I remember one phrase from a lecture I attended (20 years ago) on how to reduce stress in the work place: "As people grow older they become more like themselves." The lecturer explained that people eventually give up their guard, grow weary of their desire to be liked and loved, and accept their impulses, stripped of reticence built on their youthful desire to be virtuous. This is scary if you know someone whose demeanor is difficult to take when he or she is 30 years of age, because his or her behavior will be an experience of hell at 60 years of age. I have found this to be true.
The drawings I made yesterday took me another step closer toward becoming myself. A higher level of sensitivity to deep emotions is exhibited in them, not just in the physiognomies of the individual figures, but also in the touch of the pencil and consequent production of form (both individual elements and larger structures)—in the drawing shown first, look at the lips of the woman! I show you yesterday's two drawings in reverse order, because I believe the second to be most excellent and wish you to react to it first.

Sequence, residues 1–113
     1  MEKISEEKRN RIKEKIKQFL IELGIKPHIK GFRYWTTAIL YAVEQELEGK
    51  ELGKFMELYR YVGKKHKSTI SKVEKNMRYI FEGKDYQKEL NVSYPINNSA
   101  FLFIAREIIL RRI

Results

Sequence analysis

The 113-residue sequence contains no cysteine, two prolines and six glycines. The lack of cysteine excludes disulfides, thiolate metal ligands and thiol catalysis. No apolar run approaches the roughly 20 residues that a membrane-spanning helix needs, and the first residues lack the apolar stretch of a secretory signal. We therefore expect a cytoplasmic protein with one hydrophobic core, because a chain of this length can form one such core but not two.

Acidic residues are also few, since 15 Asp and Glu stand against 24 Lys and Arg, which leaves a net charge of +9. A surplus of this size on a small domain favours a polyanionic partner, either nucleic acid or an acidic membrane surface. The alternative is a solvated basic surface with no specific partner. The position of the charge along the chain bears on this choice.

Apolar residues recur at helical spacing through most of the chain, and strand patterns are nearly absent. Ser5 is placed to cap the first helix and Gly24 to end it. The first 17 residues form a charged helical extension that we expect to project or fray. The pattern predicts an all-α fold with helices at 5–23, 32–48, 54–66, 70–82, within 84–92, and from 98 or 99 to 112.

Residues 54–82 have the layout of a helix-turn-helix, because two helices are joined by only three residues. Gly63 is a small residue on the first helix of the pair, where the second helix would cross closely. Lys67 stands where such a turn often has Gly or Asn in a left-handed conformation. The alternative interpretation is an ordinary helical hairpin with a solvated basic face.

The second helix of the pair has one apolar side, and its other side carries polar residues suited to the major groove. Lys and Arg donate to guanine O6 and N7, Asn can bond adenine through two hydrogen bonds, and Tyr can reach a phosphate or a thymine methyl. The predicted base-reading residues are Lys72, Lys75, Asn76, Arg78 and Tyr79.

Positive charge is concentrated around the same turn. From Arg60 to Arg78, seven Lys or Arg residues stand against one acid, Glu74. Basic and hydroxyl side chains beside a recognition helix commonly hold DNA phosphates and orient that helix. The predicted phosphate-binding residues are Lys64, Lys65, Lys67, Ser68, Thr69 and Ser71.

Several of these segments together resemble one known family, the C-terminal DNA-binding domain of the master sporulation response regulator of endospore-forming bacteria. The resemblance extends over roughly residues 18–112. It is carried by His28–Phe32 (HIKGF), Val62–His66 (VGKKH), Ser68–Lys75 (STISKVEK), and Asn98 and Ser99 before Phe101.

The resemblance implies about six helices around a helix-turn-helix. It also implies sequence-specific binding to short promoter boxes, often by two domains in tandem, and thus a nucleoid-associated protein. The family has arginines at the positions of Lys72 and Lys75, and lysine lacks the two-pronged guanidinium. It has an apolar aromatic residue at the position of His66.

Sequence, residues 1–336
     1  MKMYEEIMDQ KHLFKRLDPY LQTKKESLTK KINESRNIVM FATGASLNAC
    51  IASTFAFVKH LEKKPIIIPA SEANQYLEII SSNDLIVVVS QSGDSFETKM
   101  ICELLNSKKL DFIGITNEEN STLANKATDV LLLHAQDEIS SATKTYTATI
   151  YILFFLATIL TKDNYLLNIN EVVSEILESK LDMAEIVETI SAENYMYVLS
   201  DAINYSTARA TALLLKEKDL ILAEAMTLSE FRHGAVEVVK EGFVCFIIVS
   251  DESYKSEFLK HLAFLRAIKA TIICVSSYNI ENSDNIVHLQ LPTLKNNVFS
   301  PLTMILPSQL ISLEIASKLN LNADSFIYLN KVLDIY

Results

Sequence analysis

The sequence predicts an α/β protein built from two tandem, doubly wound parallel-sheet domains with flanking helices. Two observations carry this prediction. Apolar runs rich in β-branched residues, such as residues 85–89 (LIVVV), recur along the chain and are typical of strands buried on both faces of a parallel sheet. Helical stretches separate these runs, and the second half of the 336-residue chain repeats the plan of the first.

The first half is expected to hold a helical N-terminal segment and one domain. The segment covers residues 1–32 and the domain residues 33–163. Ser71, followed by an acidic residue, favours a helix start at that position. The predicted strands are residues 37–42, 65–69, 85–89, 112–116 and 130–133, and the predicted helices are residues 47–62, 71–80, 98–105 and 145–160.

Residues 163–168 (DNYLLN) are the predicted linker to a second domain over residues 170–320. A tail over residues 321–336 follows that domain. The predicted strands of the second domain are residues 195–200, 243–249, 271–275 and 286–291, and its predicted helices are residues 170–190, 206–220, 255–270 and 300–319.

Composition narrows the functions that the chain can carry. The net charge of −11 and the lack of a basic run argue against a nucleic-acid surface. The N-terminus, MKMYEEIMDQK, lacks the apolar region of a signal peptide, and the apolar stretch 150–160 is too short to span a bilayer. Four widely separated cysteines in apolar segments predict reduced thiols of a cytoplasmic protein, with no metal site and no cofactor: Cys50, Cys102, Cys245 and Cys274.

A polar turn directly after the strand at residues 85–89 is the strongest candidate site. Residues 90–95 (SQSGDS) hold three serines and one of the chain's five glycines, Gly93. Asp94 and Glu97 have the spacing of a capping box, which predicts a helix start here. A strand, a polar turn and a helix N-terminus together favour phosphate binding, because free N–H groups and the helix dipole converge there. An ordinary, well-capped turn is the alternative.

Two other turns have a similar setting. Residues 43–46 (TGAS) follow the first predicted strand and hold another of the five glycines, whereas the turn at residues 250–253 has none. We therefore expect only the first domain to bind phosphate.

When I was younger I examined all kinds of methods and manners of art making. I did not know who I was or what I wanted to be. I copied other artists, and wished to be "like them." So aging, and working, go hand in hand; I am becoming "more like myself" because I have lived and labored. The years of daily work is being rewarded with self‐knowledge. My optimism, and excitement, about making my art is increasing.
To read my profile go to MEHRBACH.com.
At MEHRBACH.com you may view many of my paintings and drawings, past and present, and see details about my life and work.